Marc Jacobs Totally Doesn’t Get Social Media

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Fashion legend Marc Jacobs apparently doesn't 'get' the importance of social media. In a world where your fashion career can be made by your online presence, Thalia tells us why she thinks Jacobs is wrong

Marc Jacobs Social Media

Last week in an interview with British Vogue, Marc Jacobs promoted the idea that social media (instead of being the all-good tool for promotion that many believe it is) is actually both volatile and uninteresting. He told Suzy Menkes, Vogue’s International Fashion Editor: “I am so appalled by the whole social media thing. I don’t get it, it doesn’t appeal to me, neither does a computer, or working on a laptop… I am just not of that generation. I get it the allure of it, but it just doesn’t appeal to me.”

Now, as someone from ‘that generation’, one consumed by FOMO and the pressure of getting your work ‘out there’, the thought of being without social media alarms me. How exactly is it irrelevant if it’s the main source for information consumption today? And more importantly, how is it irrelevant if we’ve reached a stage where social media in itself shapes the trends we see in our fashion stores? In the past, I’d say that high fashion led the trends we’d see in the likes of River Island and Topshop. Nowadays, social media platforms such as Tumblr contribute to these trends, for example the ’90s resurgence as seen in Urban Outfitters and on Asos.

How exactly is [social media] irrelevant if it is the main source for information consumption today?

As a blogger, I think that social media is an essential tool to get our messages out there. Fashion-focused website, established in 2008, now claims to have over 50,000 users (myself included) and have one million unique visitors every month encouraging people from all around the world to join. It’s a haven for everyone fashion obsessed, regardless of their age or socioeconomic position.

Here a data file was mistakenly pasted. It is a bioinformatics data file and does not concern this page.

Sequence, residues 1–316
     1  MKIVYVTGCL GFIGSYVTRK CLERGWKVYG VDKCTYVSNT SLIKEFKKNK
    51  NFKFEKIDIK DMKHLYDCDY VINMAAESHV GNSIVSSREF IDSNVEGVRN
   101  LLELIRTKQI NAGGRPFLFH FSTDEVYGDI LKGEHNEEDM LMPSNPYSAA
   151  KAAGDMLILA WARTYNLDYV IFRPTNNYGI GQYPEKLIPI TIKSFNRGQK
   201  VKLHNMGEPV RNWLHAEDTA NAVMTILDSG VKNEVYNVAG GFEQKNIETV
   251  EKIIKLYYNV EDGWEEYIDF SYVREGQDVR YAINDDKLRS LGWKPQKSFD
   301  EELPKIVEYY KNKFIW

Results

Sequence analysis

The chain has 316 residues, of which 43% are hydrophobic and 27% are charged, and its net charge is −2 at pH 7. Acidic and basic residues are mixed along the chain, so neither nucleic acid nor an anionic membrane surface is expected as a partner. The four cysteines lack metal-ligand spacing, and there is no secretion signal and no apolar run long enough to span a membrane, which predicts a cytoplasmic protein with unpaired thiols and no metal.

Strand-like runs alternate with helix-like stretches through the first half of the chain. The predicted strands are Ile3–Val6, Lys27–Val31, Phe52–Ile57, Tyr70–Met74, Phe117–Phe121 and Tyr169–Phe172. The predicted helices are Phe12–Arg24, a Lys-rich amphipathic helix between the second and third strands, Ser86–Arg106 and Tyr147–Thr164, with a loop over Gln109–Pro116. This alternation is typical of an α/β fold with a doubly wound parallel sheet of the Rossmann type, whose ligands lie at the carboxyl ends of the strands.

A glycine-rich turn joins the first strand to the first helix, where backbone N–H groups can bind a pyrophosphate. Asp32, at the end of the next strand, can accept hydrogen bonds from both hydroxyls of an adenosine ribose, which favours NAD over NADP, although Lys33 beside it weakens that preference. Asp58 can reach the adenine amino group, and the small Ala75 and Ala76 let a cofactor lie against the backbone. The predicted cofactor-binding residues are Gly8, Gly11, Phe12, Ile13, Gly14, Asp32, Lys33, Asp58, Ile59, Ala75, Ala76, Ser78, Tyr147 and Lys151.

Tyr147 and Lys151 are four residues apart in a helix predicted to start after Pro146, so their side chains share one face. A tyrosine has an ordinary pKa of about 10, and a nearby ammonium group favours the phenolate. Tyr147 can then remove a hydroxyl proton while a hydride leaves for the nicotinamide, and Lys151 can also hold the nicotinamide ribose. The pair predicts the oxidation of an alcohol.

I also see social media giants Twitter and Instagram acting as a dominant force promoting fashion, with ‘#fbloggers’ trending on Twitter on a weekly basis and ‘#fashion’ being one of the most popular Instagram hashtags of all time (ranked 23rd as of last summer). Personally, I tend to stay away from using hashtags on social media, however I do use Twitter and Instagram regularly to promote my blog posts. Because of this my readership has increased steadily over the past 18 months and I’ve felt a sense of achievement when people actually read the content I produce. As I mentioned earlier, coming from a generation under pressure to put ourselves ‘out there’, this is important to me.

Marc Jacobs Social Media 1

I appreciate Jacobs may not be from my generation, but this doesn’t mean that social media is an irrelevant way of promoting the fashion industry. London Fashion Week’s official Twitter account has 832,000 followers. British Fashion Council has a 169,000-strong follower base, while Vogue Magazine has an impressive 5.4 million to their name. I should also mention a few of my favourite fashion bloggers, all of whom I avidly follow on social media – Lily of, Camilla of and Isabella of This power trio, due to a combination of fresh content and social media presence, have all had opportunities to collaborate with trendy fashion brands like New Look, Shellys London and Missguided. Does having Twitter accounts make them foolish? No. It’s their way of ensuring the public are always updated, which keeps their interest. And, in an industry which is ever-changing, that is crucial.


Feature image from Time, insert via Tumblr.

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